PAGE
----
Hi lybrate-user, To some, smoking
a cigarette is more than just a bad habit; it’s a ritual that is used to address many physical and emotional states. In order to finally end the addiction to smoking, and to prevent
future relapses, you need a holistic approach—one that integrates both physical and emotional symptoms along with a real, concrete plan. By integrating the latest research, science-backed natural remedies, and other proven techniques, it is possible to quit smoking
, and stay smoke-free.
1 – Treating the Physical Symptoms of Nicotine
Nicotine withdrawal can begin within 30 minutes of your last cigarette. The first days are the most intense, but remember that these cravings become less frequent and less intense with time. Here are some proven techniques for dealing with those cravings:
Exercise: A study published by the Journal of Psychopharmacology found that exercise had a positive effect on smoking. The trial included 15 different studies that evaluated variables, including the desire to smoke and the strength of the desire. Again and again researchers found that many different exercises, including yoga and high-intensity activities, had positive results on reducing cravings. So, next time you have a craving, try embracing the outdoors and go for a 15-minute walk instead.
Deep Breathing: Techniques that focus on breath
work, such as taking a series of deep breaths, diaphragmatic breathing, and directed breathing, are an effective and easy way to reduce cravings. A study published in The Journal of Addictive Behaviors found that taking a series of deep breaths every 30 minutes significantly reduced smoking withdrawal symptoms
, including cravings and irritability. Have an urge? Try taking several deep breaths and notice that desire begin to slip away.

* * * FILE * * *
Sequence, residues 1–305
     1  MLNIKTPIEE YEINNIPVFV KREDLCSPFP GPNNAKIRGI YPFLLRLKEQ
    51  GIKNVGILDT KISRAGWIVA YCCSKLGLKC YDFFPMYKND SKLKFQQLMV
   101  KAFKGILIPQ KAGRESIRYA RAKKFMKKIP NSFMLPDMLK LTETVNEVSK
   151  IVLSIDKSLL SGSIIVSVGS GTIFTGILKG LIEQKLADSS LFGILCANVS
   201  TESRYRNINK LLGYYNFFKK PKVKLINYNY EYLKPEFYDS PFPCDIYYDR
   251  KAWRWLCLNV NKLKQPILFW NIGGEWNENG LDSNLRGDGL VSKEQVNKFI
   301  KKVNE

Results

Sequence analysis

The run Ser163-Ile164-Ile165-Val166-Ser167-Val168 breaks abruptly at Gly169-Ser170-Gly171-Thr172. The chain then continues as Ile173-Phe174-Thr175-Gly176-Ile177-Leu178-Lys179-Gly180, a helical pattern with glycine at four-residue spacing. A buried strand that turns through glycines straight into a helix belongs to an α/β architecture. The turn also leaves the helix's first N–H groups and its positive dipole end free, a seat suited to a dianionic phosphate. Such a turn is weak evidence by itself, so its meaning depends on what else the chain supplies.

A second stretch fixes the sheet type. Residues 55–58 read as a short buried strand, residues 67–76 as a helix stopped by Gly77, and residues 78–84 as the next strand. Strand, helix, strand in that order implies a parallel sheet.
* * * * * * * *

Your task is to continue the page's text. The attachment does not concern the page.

2 – Treating the Emotional Symptoms of Nicotine Withdrawal
Feelings such as irritability, anxiety, and even depression
can occur as the body begins to withdraw from nicotine. Breaking the psychological addiction can be difficult because the limbic system, also known as the reward center of the brain, is stimulated with each cigarette. The urge to light up can feel uncomfortable as the brain and body begin to detoxify. The good news is that in as little as a month after your last cigarette, a large number of nicotine receptors in the brain will return to normal. Remember that each day will get better, and the cravings will decrease as your brain chemistry rebalances.
3. Addressing the Triggers for Smoking
These are moments in your daily life that exacerbate the craving for cigarettes. For example, maybe every morning you used to have your first cigarette with a cup of coffee. Or perhaps you always lit up when drinking alcohol. Acknowledging these situations and creating new patterns can help. Write down the moments where your cravings are the most intense and think of new, healthier alternatives that can take their place. Here are some ideas to get you started.
/ Coffee with green tea
/ Alcohol with kombucha
/ Hanging out with smokers with joining an exercise class
4. Foods that Help with Quitting Smoking
Nourish the body with foods high in vitamin C, such as citrus fruits, papayas, bell peppers, guava, Brussels sprouts, cauliflower, tomatoes, and strawberries. You can restore
lost antioxidants with beta carotene-rich foods such as carrots, sweet potatoes, and dark leafy greens, including kale and spinach. Increasing your intake of vitamin E will help rebuild your body’s reserves. Try eating fruits, veggies, and nuts. Avocados, almonds, olive oil, and kiwi are some great ones to try.
Hope this helps. Good Luck.